Any field is selectable as the sort field, and you control whether   they  are  sorted  high-to-low  or  low-to-high.   For  additional   information on sort provisions see topic 3c. TASK Area Commands.   a: PID  --  Process Id      The  task's unique process ID, which periodically wraps, though      never restarting at zero.   b: PPID  --  Parent Process Pid      The process ID of a task's parent.   c: RUSER  --  Real User Name      The real user name of the task's owner.   d: UID  --  User Id      The effective user ID of the task's owner.   e: USER  --  User Name      The effective user name of the task's owner.   f: GROUP  --  Group Name      The effective group name of the task's owner.   g: TTY  --  Controlling Tty      The name of the controlling  terminal.   This  is  usually  the      device  (serial  port,  pty,  etc.)  from which the process was      started, and which it uses for input  or  output.   However,  a      task  need  not  be  associated  with a terminal, in which case      you'll see '?' displayed.   h: PR  --  Priority      The priority of the task.   i: NI  --  Nice value      The nice value of the task.  A negative nice value means higher      priority,  whereas  a positive nice value means lower priority.      Zero in this field simply means priority will not  be  adjusted      in determining a task's dispatchability.   j: P  --  Last used CPU (SMP)      A  number  representing the last used processor.  In a true SMP      environment this will likely change frequently since the kernel      intentionally  uses  weak  affinity.   Also,  the  very  act of      running top  may  break  this  weak  affinity  and  cause  more      processes  to  change  CPUs  more  often  (because of the extra      demand for cpu time).   k: %CPU  --  CPU usage      The task's share of the elapsed CPU time since the last  screen      update, expressed as a percentage of total CPU time.  In a true      SMP environment, if 'Irix mode' is Off,  top  will  operate  in      'Solaris  mode' where a task's cpu usage will be divided by the      total number of CPUs.  You toggle 'Irix/Solaris' modes with the      'I' interactive command.   l: TIME  --  CPU Time      Total  CPU  time  the  task  has  used  since it started.  When      'Cumulative mode' is On, each process is listed  with  the  cpu      time  that  it  and  its  dead  children  has used.  You toggle      'Cumulative mode' with 'S', which is a command-line option  and      an  interactive  command.   See the 'S' interactive command for      additional information regarding this mode.   m: TIME+  --  CPU Time, hundredths      The same as 'TIME', but  reflecting  more  granularity  through      hundredths of a second.   n: %MEM  --  Memory usage (RES)      A task's currently used share of available physical memory.   o: VIRT  --  Virtual Image (kb)      The  total  amount  of  virtual  memory  used  by the task.  It      includes all code, data and shared libraries  plus  pages  that      have  been  swapped out and pages that have been mapped but not      used.   p: SWAP  --  Swapped size (kb)      Memory that is not resident but is present in a task.  This  is      memory  that  has been swapped out but could include additional      non-resident memory.  This column is calculated by  subtracting      physical memory from virtual memory.   q: RES  --  Resident size (kb)      The non-swapped physical memory a task has used.   r: CODE  --  Code size (kb)      The  amount  of virtual memory devoted to executable code, also      known as the 'text resident set' size or TRS.   s: DATA  --  Data+Stack size (kb)      The amount of virtual memory devoted to other  than  executable      code, also known as the 'data resident set' size or DRS.   t: SHR  --  Shared Mem size (kb)      The amount of shared memory used by a task.  It simply reflects      memory that could be potentially shared with other processes.   u: nFLT  --  Page Fault count      The number of major page faults that have occurred for a  task.      A  page  fault  occurs  when a process attempts to read from or      write to a virtual page that is not currently  present  in  its      address  space.   A  major  page  fault is when backing storage      access (such as  a  disk)  is  involved  in  making  that  page      available.   v: nDRT  --  Dirty Pages count      The  number  of  pages  that have been modified since they were      last written to disk.  Dirty pages  must  be  written  to  disk      before  the  corresponding physical memory location can be used      for some other virtual page.   w: S  --  Process Status      The status of the task which can be one of:         'D' = uninterruptible sleep         'R' = running         'S' = sleeping         'T' = traced or stopped         'Z' = zombie      Tasks shown as running should be more properly  thought  of  as      'ready  to run'  --  their task_struct is simply represented on      the Linux run-queue.  Even without a true SMP machine, you  may      see  numerous  tasks  in  this  state  depending on top's delay      interval and nice value.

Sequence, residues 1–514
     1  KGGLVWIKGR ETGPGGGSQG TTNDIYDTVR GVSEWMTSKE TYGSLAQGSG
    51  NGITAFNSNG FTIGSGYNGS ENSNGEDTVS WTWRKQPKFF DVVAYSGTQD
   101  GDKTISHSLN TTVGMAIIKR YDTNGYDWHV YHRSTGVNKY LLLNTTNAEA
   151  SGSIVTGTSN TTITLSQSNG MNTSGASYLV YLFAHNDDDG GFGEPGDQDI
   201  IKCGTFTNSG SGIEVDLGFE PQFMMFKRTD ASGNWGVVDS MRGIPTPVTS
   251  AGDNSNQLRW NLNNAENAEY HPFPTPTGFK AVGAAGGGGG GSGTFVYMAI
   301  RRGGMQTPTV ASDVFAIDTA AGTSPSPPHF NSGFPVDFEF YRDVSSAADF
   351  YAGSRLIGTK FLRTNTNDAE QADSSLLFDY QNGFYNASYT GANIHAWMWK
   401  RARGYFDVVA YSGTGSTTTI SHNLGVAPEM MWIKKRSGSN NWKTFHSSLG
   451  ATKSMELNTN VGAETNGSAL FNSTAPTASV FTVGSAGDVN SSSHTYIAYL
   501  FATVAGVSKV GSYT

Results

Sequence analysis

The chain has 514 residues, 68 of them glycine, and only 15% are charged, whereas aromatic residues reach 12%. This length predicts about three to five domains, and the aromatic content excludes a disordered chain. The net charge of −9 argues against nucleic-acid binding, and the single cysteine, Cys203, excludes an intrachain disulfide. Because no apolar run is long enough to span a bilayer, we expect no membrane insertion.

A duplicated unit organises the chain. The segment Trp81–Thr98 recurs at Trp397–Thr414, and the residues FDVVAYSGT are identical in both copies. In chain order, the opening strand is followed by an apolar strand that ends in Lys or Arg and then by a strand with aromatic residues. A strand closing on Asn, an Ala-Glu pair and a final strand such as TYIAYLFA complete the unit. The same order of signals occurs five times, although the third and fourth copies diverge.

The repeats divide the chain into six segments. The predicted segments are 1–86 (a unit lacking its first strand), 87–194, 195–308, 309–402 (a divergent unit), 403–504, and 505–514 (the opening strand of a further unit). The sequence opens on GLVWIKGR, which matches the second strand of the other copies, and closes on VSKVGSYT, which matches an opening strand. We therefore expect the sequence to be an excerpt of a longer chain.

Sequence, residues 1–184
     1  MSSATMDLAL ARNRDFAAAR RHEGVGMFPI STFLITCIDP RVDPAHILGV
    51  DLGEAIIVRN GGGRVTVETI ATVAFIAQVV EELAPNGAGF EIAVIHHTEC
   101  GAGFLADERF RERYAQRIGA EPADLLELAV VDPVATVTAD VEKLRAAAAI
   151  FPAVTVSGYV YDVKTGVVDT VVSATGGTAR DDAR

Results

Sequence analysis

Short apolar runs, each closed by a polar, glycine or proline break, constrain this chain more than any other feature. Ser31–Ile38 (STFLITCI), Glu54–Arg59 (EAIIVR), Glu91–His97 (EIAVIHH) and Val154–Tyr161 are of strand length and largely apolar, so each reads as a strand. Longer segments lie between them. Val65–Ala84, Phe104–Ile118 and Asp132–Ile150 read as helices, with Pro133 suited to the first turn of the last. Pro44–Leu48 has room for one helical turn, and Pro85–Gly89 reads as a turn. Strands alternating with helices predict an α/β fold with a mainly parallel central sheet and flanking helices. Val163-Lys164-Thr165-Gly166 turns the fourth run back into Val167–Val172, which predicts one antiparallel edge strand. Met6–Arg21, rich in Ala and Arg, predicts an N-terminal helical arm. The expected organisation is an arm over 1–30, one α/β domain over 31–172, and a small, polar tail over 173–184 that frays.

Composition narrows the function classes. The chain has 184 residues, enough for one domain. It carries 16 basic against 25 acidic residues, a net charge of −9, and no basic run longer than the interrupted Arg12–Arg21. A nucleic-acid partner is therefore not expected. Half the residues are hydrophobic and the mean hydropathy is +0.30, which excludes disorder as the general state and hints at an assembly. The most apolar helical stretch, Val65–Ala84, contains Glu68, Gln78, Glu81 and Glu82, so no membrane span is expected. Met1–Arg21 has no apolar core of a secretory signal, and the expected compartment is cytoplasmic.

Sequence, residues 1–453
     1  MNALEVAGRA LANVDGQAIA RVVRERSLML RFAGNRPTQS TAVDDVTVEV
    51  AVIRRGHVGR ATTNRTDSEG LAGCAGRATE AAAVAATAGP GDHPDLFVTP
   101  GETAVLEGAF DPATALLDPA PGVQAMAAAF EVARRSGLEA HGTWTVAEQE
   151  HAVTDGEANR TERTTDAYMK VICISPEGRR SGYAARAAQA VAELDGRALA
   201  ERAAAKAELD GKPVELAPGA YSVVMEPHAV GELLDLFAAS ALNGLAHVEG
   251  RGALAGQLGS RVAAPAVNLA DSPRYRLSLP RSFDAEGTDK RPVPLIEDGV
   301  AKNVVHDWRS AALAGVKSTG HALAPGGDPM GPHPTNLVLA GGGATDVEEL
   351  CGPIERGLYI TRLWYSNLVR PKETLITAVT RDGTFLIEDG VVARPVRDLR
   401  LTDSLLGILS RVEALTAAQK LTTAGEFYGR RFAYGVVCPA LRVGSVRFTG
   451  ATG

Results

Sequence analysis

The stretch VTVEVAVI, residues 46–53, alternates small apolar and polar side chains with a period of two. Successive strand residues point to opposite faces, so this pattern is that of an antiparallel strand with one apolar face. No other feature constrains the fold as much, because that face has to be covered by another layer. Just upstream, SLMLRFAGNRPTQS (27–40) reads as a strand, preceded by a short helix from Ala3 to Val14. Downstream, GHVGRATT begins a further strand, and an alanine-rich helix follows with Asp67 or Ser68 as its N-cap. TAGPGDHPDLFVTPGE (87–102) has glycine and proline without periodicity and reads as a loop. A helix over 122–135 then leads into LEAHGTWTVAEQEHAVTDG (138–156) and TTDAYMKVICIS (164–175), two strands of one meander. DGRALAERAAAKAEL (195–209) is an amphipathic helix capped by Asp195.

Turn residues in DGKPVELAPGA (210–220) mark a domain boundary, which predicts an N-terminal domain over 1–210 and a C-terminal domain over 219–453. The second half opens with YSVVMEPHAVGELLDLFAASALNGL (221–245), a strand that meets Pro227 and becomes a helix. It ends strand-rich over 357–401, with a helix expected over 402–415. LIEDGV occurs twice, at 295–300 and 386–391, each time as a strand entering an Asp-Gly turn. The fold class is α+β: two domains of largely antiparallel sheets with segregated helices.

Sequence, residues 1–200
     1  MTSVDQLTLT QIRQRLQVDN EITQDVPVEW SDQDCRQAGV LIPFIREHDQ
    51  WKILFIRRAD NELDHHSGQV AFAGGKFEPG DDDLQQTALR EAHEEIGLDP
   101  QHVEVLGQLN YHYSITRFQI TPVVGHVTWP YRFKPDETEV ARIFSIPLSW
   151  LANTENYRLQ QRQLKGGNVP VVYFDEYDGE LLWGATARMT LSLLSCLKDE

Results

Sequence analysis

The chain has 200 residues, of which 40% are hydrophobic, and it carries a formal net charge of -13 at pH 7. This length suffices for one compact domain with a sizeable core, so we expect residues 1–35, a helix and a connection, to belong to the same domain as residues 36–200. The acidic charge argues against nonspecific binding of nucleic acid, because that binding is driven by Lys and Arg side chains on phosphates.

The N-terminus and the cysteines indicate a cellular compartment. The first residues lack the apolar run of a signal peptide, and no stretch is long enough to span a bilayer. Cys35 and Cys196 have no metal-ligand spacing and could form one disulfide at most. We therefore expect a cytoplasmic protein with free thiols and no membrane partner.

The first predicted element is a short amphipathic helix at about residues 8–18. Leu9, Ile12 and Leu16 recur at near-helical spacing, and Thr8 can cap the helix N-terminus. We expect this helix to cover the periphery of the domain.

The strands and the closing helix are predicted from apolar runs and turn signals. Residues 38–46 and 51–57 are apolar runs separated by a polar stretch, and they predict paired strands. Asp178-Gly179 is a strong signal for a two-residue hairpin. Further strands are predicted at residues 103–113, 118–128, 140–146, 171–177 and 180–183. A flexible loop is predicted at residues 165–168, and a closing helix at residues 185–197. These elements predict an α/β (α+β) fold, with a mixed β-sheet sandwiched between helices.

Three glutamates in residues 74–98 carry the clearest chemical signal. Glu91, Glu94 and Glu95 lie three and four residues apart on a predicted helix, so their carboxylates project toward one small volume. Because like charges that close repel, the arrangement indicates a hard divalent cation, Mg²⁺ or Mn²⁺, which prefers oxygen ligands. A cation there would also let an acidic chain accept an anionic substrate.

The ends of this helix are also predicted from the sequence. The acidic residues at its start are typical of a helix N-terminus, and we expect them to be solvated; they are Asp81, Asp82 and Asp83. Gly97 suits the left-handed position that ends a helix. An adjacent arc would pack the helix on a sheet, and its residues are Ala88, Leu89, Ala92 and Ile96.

Для центрального процессора

2с. Состояния процессора Состояния процессора отображаются в области сводки. Они всегда отображаются в процентах и относятся к времени между настоящим моментом и последним обновлением.

    us  --  User CPU time      The time the CPU has spent running users'  processes  that  are      not niced.    sy  --  System CPU time      The  time  the  CPU  has  spent  running  the  kernel  and  its      processes.    ni  --  Nice CPU time      The time the CPU has spent running users'  proccess  that  have      been niced.    wa  --  iowait      Amount of time the CPU has been waiting for I/O to complete.    hi  --  Hardware IRQ      The  amount  of  time  the  CPU  has  been  servicing  hardware      interrupts.    si  --  Software Interrupts      The  amount  of  time  the  CPU  has  been  servicing  software      interrupts.    st  --  Steal Time      The  amount  of  CPU  'stolen' from this virtual machine by the      hypervisor for other tasks (such  as  running  another  virtual      machine)